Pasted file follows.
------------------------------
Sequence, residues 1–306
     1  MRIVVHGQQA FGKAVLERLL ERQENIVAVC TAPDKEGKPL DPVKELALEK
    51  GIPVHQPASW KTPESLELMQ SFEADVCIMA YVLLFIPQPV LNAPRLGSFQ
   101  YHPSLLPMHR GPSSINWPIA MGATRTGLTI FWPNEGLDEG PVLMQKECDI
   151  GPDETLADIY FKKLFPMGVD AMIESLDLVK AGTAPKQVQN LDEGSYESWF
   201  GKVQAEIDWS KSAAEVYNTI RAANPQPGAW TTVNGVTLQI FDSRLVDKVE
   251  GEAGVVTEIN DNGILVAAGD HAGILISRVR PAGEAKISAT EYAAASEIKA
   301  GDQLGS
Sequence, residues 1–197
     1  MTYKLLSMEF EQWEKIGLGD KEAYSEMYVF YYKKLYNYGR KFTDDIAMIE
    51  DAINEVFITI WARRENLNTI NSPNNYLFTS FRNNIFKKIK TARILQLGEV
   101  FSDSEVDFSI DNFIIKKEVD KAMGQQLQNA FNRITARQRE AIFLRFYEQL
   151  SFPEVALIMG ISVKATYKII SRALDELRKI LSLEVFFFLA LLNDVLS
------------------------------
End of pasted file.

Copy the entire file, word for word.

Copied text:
Sequence, residues 1–306
     1  MRIVVHGQQA FGKAVLERLL ERQENIVAVC TAPDKEGKPL DPVKELALEK
    51  GIPVHQPASW KTPESLELMQ SFEADVCIMA YVLLFIPQPV LNAPRLGSFQ
   101  YHPSLLPMHR GPSSINWPIA MGATRTGLTI FWPNEGLDEG PVLMQKECDI
   151  GPDETLADIY FKKLFPMGVD AMIESLDLVK AGTAPKQVQN LDEGSYESWF
   201  GKVQAEIDWS KSAAEVYNTI RAANPQPGAW TTVNGVTLQI FDSRLVDKVE
   251  GEAGVVTEIN DNGILVAAGD HAGILISRVR PAGEAKISAT EYAAASEIKA
   301  GDQLGS
Sequence, residues 1–197
     1  MTYKLLSMEF EQWEKIGLGD KEAYSEMYVF YYKKLYNYGR KFTDDIAMIE
    51  DAINEVFITI WARRENLNTI NSPNNYLFTS FRNNIFKKIK TARILQLGEV
   101  FSDSEVDFSI DNFIIKKEVD KAMGQQLQNA FNRITARQRE AIFLRFYEQL
   151  SFPEVALIMG ISVKATYKII SRALDELRKI LSLEVFFFLA LLNDVLS